Authorities in the Islamic Republic of Iran have ordered providers in the country to shutdown internet access, after widespread protests over petrol price increases rock the nation.
Oracle's Internet Intelligence arm noted observed that three-quarters of packet traces to Iran are failing for the third day running, and that many border gateway protocol (BGP) routes have been withdrawn.
Internet blackout in Iran continues. 3rd of BGP routes are withdrawn and 75% of our traceroute measurements to IR are now failing.https://t.co/dXGkjJitpI— InternetIntelligence (@InternetIntel) November 18, 2019
For individual AS-level impacts in Iran go here:https://t.co/5J4WYAqi9d pic.twitter.com/7TxTkMZFK7
This amounts to an outright disconnection of Iran from the global internet, Oracle said.
Digital rights organisation Netblocks said the shutdown was almost total with national connectivity at just five per cent of usual levels, and mobile operators MCI, Rightel and IranCell being offline.
Reuters reported that riot police has been clashing with protesters nationwide, after the Iranian government announced petrol price hikes.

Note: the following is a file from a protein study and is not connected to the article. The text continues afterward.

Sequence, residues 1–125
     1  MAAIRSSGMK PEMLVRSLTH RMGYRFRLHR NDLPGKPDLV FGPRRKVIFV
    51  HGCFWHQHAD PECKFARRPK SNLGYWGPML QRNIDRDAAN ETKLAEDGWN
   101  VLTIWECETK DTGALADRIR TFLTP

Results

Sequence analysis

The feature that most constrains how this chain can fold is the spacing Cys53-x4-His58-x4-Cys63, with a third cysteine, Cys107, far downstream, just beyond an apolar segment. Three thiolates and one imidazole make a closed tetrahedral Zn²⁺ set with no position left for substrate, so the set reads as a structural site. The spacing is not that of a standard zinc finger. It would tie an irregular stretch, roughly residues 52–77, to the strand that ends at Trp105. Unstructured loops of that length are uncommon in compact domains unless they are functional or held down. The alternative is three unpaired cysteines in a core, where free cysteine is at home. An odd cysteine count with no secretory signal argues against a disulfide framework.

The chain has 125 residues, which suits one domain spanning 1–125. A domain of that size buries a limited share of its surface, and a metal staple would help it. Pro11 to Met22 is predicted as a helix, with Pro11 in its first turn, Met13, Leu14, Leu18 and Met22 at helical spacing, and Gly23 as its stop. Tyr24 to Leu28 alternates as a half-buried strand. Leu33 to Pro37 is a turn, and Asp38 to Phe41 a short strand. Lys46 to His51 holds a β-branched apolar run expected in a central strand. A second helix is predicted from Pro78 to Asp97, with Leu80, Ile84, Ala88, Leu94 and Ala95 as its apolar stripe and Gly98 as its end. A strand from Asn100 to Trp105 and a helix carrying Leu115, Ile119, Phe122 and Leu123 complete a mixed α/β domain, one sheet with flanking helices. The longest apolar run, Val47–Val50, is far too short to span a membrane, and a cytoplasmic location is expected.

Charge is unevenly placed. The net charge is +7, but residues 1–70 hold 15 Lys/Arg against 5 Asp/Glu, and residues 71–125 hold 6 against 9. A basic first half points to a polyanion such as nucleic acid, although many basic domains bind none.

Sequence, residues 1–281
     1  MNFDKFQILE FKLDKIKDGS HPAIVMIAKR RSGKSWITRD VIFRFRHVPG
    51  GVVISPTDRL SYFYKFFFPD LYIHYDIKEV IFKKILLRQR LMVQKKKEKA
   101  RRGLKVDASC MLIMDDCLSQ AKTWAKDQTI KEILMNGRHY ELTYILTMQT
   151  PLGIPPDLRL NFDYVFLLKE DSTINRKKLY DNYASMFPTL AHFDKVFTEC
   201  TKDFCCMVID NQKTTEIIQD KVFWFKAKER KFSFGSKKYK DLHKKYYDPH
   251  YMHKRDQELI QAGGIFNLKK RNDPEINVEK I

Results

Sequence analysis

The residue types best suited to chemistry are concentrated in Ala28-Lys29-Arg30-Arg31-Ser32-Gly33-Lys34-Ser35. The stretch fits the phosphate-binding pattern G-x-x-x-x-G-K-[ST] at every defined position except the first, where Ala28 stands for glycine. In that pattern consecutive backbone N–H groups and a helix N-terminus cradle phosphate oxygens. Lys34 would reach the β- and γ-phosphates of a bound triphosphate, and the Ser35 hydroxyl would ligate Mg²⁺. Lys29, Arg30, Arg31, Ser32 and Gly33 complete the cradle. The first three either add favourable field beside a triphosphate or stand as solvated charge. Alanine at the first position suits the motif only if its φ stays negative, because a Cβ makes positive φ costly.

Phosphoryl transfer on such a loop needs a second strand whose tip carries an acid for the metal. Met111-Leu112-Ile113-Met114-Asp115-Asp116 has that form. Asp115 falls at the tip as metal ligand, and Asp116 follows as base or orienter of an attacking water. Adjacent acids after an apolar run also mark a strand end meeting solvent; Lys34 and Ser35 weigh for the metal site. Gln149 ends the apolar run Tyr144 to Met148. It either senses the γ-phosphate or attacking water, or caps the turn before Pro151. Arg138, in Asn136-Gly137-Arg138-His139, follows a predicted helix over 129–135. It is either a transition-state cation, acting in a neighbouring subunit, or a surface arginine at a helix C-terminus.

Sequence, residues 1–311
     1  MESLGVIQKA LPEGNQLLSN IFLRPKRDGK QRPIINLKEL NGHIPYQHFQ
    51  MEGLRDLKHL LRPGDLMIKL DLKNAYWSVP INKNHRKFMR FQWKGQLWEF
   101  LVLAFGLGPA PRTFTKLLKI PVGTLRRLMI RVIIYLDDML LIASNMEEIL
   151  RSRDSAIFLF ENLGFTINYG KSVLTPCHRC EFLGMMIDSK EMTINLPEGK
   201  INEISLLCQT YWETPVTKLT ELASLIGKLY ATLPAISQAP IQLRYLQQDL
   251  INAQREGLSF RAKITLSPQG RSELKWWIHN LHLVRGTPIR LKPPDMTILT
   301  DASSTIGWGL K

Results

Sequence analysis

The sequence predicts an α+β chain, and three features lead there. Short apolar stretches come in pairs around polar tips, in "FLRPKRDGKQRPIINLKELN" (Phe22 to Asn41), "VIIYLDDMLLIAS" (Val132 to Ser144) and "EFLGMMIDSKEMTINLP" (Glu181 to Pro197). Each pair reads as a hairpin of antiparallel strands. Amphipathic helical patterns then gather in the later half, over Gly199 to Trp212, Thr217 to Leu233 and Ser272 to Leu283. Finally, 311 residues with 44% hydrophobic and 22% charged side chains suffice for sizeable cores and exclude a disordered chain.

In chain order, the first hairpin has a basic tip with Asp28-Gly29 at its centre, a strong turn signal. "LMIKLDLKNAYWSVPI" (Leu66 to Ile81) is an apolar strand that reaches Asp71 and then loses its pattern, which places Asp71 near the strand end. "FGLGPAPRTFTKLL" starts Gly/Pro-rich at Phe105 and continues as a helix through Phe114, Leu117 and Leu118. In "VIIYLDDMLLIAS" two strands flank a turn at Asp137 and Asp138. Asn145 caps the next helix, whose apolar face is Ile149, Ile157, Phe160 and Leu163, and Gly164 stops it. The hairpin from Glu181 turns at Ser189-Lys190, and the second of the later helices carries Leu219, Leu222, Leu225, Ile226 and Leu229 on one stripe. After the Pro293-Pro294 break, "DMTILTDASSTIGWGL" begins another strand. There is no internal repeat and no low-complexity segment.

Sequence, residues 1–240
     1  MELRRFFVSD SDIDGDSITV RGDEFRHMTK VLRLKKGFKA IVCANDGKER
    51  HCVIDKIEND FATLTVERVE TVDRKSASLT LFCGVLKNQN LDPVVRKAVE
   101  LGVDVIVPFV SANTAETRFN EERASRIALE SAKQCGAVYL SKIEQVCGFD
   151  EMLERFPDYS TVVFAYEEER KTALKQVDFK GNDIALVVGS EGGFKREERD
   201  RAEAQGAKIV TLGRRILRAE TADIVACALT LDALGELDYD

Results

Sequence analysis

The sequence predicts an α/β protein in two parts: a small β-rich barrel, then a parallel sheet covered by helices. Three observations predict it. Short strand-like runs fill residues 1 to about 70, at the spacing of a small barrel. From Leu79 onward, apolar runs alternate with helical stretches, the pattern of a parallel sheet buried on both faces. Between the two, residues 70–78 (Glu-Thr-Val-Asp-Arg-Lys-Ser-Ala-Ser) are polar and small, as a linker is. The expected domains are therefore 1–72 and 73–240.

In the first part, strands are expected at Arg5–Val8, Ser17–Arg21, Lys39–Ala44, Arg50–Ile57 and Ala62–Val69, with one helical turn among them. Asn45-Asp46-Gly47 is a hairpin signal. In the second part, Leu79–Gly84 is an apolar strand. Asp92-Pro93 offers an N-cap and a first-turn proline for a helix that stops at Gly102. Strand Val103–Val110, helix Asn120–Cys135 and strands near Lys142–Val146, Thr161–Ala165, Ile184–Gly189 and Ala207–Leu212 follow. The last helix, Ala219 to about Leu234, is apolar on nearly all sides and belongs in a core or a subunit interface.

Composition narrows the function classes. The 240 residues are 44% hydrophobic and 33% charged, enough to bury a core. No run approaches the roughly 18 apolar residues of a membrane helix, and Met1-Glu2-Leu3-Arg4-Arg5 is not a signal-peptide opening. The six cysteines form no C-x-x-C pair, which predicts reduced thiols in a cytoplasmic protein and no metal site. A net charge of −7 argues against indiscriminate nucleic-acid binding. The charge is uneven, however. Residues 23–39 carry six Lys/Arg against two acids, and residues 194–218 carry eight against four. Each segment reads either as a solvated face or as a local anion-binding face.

One policeman has died and thousands of protesters have been arrested with hundreds of banks torched in the riots.
The White House has condemned the use of lethal force by Iran, and the communications shutdown, saying protesters should be allowed to speak.
Cutting off internet access has become increasingly common in recent years to prevent protesters from using social media and other communications channels to record police brutality and to organise themselves.
Venezuela, Equador, Egypt, India, and Iraq have instigated temporary internet blocks this year amidst unrest.